"A valuable guide to Atlanta's complicated personality and its wonderful, terrible past."—Atlanta Journal-Constitution

“The most vivid retrospective of twentieth-century life in Georgia.”—Macon Telegraph and News

"Living Atlanta should serve as a foundation for reevaluating the origins of race relations in the urban New South. It is an important and an innovative work that warrants a wide readership."—Journal of American Ethnic History

"It is a very readable history, and any of its chapters could well be expanded to book length. . . . Essential for libraries with collections on Atlanta and southern racial relations."—Library Journal

Library Journal
This book is an outgrowth of a series of radio broadcasts begun in 1977 on WRFG in Atlanta. The major theme is the complexity of life in a segregated city and how segregation affected the various groups that live with it. The intent was to focus on areas that have been little explored in previous histories. This is not meant to be an in-depth study, but rather to provide an overall impression of the period. It is a very readable history, and any of its chapters could well be expanded to book length. The main shortcoming is that it assumes a level of familiarity with Atlanta and its environs that can only confuse anyone not native to the city. Some maps and more explanation of names would have been helpful. Essential for libraries with collections on Atlanta and Southern racial relations.-- Melvin L. Grotberg, Hobbs P.L., N.M.
Read More Show Less

Product Details

  • ISBN-13: 9780820316970
  • Publisher: University of Georgia Press
  • Publication date: 3/28/2005
  • Series: Brown Thrasher Books Series
  • Pages: 432
  • Product dimensions: 6.76 (w) x 9.76 (h) x 1.23 (d)

Meet the Author

Clifford M. Kuhn is an associate professor of history at Georgia State University and director of the Georgia Government Documentation Project. He is also author of Contesting the New South Order. E. Bernard West, an historian, is researching a book on the Buffalo Soldiers. Harlon Joye is a sociologist and executive producer of the Living Atlanta radio series on which this book is based.

Read More Show Less

Table of Contents

Foreword
1 World War I 1
2 Neighborhoods 32
3 Transportation 57
4 Commerce 87
5 Education 130
6 Underside 172
7 Depression and New Deal 197
8 Health and religion 232
9 Leisure 260
10 Politics 311
11 World War II 350
Read More Show Less

Customer Reviews

Be the first to write a review
( 0 )
Rating Distribution

5 Star

(0)

4 Star

(0)

3 Star

(0)

2 Star

(0)

1 Star

(0)

Your Rating:

Your Name: Create a Pen Name or

Barnes & Noble.com Review Rules

Our reader reviews allow you to share your comments on titles you liked, or didn't, with others. By submitting an online review, you are representing to Barnes & Noble.com that all information contained in your review is original and accurate in all respects, and that the submission of such content by you and the posting of such content by Barnes & Noble.com does not and will not violate the rights of any third party. Please follow the rules below to help ensure that your review can be posted.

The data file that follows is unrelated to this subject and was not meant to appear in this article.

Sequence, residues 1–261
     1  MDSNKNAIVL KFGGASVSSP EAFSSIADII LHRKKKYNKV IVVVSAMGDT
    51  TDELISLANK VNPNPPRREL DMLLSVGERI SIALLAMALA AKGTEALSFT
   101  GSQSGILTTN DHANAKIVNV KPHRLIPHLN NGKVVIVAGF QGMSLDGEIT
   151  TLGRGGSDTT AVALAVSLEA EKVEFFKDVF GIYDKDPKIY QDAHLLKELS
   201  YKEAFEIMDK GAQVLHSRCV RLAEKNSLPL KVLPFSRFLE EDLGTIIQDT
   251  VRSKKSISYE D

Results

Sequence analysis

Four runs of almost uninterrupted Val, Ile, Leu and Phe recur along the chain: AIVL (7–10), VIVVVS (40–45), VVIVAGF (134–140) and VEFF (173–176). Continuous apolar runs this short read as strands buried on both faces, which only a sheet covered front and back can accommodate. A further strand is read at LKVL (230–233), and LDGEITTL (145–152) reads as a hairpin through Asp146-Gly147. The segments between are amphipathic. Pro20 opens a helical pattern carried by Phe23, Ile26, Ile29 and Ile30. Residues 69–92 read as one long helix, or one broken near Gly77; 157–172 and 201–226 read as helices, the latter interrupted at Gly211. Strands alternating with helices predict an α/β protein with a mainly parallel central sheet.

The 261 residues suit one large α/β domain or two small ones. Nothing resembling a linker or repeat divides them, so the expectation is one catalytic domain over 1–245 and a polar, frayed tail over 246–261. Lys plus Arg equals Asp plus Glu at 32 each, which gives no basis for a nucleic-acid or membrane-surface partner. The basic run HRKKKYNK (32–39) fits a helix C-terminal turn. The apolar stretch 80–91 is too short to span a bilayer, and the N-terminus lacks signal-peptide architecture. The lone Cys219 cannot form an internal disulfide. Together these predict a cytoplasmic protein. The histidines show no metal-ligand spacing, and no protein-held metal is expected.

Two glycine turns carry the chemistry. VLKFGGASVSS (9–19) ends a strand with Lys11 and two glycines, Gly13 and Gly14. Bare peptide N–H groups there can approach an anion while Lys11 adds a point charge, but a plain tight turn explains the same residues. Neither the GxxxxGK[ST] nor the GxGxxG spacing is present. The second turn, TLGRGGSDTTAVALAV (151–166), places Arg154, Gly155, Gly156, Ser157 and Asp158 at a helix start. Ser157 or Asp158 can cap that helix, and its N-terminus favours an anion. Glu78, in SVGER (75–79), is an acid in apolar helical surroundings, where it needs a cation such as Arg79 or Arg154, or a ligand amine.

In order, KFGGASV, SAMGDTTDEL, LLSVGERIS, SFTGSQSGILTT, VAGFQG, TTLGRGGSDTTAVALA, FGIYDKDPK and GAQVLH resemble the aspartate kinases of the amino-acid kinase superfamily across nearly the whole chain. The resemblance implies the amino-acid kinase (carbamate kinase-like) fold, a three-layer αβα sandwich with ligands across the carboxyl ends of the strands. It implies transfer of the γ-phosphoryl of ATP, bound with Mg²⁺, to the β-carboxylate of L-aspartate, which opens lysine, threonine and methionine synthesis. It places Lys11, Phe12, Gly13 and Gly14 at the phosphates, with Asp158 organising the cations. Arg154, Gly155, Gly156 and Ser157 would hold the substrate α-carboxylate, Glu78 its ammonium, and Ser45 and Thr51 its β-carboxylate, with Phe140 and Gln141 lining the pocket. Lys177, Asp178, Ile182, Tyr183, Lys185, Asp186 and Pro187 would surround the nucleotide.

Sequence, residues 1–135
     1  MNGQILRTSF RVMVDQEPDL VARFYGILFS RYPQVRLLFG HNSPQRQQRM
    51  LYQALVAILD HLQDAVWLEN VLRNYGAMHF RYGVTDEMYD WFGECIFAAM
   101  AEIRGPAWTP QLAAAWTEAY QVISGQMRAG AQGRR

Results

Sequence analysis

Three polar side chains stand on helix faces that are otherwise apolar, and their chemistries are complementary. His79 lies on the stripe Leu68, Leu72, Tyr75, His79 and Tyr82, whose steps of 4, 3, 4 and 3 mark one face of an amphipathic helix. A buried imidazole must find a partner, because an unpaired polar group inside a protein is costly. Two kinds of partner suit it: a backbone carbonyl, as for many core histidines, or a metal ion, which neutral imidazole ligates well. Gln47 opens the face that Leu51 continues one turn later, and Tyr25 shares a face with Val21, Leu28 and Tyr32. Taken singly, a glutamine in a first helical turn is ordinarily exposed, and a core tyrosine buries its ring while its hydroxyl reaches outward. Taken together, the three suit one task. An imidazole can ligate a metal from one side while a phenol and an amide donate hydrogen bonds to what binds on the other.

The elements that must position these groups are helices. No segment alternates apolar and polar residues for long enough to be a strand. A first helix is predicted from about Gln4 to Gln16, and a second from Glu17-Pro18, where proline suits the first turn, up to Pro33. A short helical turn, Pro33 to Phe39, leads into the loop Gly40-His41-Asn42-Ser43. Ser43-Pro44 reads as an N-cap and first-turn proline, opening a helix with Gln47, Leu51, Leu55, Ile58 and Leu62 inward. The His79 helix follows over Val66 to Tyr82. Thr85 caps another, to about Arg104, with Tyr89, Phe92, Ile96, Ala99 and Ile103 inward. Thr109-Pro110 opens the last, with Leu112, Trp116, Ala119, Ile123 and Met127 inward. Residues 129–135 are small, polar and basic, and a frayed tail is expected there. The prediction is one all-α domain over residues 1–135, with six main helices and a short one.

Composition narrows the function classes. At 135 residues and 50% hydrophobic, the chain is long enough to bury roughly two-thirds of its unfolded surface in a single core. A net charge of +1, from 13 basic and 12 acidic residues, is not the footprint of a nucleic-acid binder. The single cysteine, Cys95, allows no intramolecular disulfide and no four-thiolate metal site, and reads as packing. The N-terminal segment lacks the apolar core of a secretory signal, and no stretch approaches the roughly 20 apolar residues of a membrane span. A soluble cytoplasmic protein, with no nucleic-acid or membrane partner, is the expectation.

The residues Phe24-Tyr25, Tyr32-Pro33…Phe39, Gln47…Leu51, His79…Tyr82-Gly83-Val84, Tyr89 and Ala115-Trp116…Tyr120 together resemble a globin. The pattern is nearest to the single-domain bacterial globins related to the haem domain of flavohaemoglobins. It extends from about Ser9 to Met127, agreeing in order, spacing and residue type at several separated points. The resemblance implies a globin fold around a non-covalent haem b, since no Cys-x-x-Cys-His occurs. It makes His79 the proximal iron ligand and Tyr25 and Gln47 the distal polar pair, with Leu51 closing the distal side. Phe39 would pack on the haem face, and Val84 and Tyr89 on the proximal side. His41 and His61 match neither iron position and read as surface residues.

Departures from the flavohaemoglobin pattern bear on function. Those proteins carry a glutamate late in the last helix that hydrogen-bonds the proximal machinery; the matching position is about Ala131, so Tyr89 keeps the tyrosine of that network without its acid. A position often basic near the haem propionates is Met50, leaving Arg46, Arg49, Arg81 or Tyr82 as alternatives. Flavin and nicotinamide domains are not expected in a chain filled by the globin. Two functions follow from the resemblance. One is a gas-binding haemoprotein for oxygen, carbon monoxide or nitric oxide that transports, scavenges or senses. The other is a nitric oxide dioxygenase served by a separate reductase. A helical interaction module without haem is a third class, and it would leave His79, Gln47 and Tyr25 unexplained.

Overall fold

Reviews by Our Customers Under the Age of 13

We highly value and respect everyone's opinion concerning the titles we offer. However, we cannot allow persons under the age of 13 to have accounts at BN.com or to post customer reviews. Please see our Terms of Use for more details.

What to exclude from your review:

Please do not write about reviews, commentary, or information posted on the product page. If you see any errors in the information on the product page, please send us an email.

Reviews should not contain any of the following:

  • - HTML tags, profanity, obscenities, vulgarities, or comments that defame anyone
  • - Time-sensitive information such as tour dates, signings, lectures, etc.
  • - Single-word reviews. Other people will read your review to discover why you liked or didn't like the title. Be descriptive.
  • - Comments focusing on the author or that may ruin the ending for others
  • - Phone numbers, addresses, URLs
  • - Pricing and availability information or alternative ordering information
  • - Advertisements or commercial solicitation

Reminder:

  • - By submitting a review, you grant to Barnes & Noble.com and its sublicensees the royalty-free, perpetual, irrevocable right and license to use the review in accordance with the Barnes & Noble.com Terms of Use.
  • - Barnes & Noble.com reserves the right not to post any review -- particularly those that do not follow the terms and conditions of these Rules. Barnes & Noble.com also reserves the right to remove any review at any time without notice.
  • - See Terms of Use for other conditions and disclaimers.
Search for Products You'd Like to Recommend

Recommend other products that relate to your review. Just search for them below and share!

Create a Pen Name

Your Pen Name is your unique identity on BN.com. It will appear on the reviews you write and other website activities. Your Pen Name cannot be edited, changed or deleted once submitted.

 
Your Pen Name can be any combination of alphanumeric characters (plus - and _), and must be at least two characters long.

Continue Anonymously

    If you find inappropriate content, please report it to Barnes & Noble
    Why is this product inappropriate?
    Comments (optional)